Welcome to Charles Cordell’s page on book publishing – an author’s perspective. This is not a page on how to write or pitch a novel. It is more a page of tips, thoughts and advice for writers hoping to enter the world of publishing. It is my way of sharing the gleanings of my writer’s journey. I wish I had found something similar earlier in that journey.
I hope this page will offer some useful insights and advice on the world of writing, editing and book publishing. It is not perfect and comes with a health warning. This is one author’s perspective. It is based on my experience, my journey. Others may have different insights, perspectives and advice.
I think most outsiders find book publishing and the literary industry opaque. It is difficult to understand. There is a wealth of (usually) well-meaning advice. But this is often contradictory, reflecting an industry with no clear standard practices. Some of those practices appear unbelievably arcane.
It is a beautiful and a cruel world, filled with joy and bitter disappointment. I would implore anyone thinking of entering it to do their research first. The average author earns surprisingly little. Huge numbers of very good writers don’t get published. Many good books receive no marketing support and go unread.
Ultimately, there is a great deal of luck involved. I feel extremely fortunate to have been published. I can only hope that enough readers continue to find, buy, read and enjoy God’s Vindictive Wrath. If not, the chances of more of the Divided Kingdom series of English Civil War fiction being published are slim.
The internet is awash with advice, services and support groups for writers. Many are probably very good. But there are others that prey on inexperienced or frustrated writers. My advice would be to take it one step at a time. Do not rush in or sign up for a costly writing course until you are sure you need it.
There is a lot you can do to teach yourself about writing. The best advice I have found on the art of writing is Stephen King’s book On Writing. I think it remains unbeaten. I would also really recommend On Editing by Helen Corner-Bryant and Kathryn Price. This offers the clearest advice I have seen on plotting, point-of-view, editing and pitching.
But before you commit your life to writing, it is vital that you find out if you can write. The only way to do this is to open your writing to review. There are umpteen self-help groups, such as Litopia. If this works for you, great. My recommendation would be Jericho Writers. They offer lots of free advice, tips and tools on writing, pitching and marketing – more if you sign up as a paid member.
There are also a range of agencies offering writing courses. Some are expensive. Some are dubious. I would suggest that the creative writing courses offered by the Open University are worth considering. If nothing else, they will give you a benchmark when looking at other courses.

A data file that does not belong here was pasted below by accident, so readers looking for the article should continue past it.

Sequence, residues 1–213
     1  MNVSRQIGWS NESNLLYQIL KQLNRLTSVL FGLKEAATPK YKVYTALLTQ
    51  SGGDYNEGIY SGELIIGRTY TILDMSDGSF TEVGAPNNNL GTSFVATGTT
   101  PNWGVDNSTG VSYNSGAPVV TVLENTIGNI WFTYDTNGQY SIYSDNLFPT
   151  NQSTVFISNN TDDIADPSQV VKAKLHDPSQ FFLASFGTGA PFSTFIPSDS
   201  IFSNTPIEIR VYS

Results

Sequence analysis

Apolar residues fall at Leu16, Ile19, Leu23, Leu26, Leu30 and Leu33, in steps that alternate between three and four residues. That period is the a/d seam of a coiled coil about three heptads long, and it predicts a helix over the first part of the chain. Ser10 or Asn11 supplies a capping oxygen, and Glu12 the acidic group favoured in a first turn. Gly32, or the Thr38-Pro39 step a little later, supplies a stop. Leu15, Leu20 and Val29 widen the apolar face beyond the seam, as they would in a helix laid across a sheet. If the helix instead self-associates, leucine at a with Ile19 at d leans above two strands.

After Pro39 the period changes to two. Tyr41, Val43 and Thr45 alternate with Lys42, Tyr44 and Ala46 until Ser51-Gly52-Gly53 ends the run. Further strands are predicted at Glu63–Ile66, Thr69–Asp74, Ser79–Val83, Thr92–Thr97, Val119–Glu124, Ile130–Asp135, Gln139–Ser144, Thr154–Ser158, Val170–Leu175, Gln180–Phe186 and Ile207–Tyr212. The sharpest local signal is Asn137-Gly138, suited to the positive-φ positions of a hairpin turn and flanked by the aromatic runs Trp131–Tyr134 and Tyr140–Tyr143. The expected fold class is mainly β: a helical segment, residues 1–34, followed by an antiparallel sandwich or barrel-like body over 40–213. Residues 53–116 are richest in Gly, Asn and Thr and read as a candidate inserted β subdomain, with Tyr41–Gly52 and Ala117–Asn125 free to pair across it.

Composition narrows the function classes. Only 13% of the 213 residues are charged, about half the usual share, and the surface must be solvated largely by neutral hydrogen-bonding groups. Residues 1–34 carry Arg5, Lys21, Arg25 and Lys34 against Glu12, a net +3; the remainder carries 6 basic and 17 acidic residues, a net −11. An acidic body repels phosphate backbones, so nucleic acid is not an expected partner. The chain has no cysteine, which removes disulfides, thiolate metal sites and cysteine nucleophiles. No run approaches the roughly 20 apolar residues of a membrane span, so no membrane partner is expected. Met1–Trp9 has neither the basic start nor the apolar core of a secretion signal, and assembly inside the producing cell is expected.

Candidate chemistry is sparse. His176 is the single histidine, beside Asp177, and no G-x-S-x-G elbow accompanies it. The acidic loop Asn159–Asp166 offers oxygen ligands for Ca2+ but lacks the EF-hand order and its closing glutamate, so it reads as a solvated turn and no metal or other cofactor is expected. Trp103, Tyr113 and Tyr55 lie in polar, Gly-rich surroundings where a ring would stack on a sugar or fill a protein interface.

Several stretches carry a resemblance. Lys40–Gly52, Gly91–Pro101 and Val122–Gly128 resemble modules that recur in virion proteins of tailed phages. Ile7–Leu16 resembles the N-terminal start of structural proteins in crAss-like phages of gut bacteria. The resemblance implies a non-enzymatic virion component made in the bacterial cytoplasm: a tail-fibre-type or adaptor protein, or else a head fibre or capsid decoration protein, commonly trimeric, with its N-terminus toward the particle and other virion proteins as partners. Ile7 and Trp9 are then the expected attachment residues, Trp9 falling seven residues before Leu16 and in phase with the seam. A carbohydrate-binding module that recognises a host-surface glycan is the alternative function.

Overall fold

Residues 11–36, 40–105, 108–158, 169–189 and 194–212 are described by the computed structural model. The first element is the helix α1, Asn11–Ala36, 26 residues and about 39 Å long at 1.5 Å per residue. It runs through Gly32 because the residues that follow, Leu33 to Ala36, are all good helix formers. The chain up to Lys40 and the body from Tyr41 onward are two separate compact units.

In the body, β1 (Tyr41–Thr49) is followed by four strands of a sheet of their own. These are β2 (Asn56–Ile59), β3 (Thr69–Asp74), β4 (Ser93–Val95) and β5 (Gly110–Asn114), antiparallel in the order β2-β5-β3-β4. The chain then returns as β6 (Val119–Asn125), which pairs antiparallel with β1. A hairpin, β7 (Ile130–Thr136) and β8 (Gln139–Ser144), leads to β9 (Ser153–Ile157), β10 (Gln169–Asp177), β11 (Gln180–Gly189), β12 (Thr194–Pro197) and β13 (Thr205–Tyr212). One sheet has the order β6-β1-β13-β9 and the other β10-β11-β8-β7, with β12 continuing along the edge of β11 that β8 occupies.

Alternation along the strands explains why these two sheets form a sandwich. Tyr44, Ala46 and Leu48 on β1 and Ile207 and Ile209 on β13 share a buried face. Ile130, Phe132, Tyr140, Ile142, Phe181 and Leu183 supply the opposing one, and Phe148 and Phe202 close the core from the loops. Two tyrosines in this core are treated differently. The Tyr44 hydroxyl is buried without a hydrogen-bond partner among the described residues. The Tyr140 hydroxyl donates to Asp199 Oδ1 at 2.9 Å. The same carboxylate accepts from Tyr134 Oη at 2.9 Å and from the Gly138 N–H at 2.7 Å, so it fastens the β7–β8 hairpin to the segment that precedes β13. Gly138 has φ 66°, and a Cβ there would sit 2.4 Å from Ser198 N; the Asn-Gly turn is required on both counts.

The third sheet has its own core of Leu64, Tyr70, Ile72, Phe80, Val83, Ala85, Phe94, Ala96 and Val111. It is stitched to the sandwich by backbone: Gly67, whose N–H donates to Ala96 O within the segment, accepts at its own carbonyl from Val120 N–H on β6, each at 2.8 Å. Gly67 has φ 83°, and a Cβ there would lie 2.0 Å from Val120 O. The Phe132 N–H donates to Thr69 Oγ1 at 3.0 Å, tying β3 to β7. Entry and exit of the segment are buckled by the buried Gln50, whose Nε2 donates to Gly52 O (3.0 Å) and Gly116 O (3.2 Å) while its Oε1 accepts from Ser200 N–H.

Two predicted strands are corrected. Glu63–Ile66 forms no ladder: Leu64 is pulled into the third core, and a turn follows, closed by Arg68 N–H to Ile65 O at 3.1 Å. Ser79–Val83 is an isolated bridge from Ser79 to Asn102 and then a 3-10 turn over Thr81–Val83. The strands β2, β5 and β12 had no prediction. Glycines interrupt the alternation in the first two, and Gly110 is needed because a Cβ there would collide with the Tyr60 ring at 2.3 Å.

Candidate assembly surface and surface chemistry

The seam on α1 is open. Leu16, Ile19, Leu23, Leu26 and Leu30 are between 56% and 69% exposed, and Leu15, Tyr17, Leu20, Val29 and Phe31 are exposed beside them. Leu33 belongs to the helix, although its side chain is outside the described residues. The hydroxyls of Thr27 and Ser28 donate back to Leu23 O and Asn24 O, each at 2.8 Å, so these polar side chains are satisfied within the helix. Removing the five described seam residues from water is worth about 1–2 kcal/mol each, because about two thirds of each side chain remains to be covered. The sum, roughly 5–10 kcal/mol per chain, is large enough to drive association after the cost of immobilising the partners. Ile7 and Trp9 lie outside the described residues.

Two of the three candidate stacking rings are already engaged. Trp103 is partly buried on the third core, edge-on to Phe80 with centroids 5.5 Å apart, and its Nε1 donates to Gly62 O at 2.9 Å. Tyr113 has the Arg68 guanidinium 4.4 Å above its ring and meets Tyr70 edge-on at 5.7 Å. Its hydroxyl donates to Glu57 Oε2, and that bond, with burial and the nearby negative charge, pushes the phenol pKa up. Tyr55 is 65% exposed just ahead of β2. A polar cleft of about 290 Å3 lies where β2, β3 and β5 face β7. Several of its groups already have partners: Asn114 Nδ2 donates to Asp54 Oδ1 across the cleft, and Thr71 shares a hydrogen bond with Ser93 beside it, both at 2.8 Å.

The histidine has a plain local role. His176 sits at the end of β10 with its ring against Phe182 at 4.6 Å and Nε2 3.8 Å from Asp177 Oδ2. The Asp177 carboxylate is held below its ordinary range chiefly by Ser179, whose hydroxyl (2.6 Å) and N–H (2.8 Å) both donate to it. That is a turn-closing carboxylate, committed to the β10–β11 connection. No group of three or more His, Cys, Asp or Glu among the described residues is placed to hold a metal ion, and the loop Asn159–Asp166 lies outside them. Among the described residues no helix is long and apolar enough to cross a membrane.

Finally, before you approach any agent or publisher, you need to finish writing your novel. (It is different if you are pitching a non-fiction idea.) They will only consider a complete work – not just three chapters. You also need to edit your manuscript. Sadly, agents don’t really take half-finished debut works.
If at all possible, you should seek professional help with editing. It is a specific skill. Whilst writing may be an art, editing is more of a craft. Very many writers will need help with this. My personal recommendation would be Cornerstones Literary Consultancy. They are expensive, but worth it.
Book publishing remains shrouded in misunderstanding and misconception. Take time to research the industry, as best you can, before attempting to enter it. The best source of insight and advice I have found is a short e-book by the agent Rupert Heath entitled Sex, Lies and Book Publishing. I wish I had found it earlier in my journey.
I think the bit that nobody really explains is that there are at least five routes to publishing. Broadly speaking, these lead to traditional publishing, independent publishers, hybrid, self-publishing and vanity publishing. There is a huge focus on traditional and self-publishing. However, it is important to understand all the options, for better or worse.
On Traditional, ‘Big 4’ and Independent Publishers
Traditional publishing is generally seen as a publishing deal with a large publishing house – one of the ‘Big 4’. This is what most writers aspire to. However, it is only possible via a literary agent – hence the focus on pitching to agents. Ultimately, the agent will take 15% of an author’s royalties, but should deliver increased revenue in return. Royalties are usually paid by a publisher at 8% of their returns, or trade price of the book.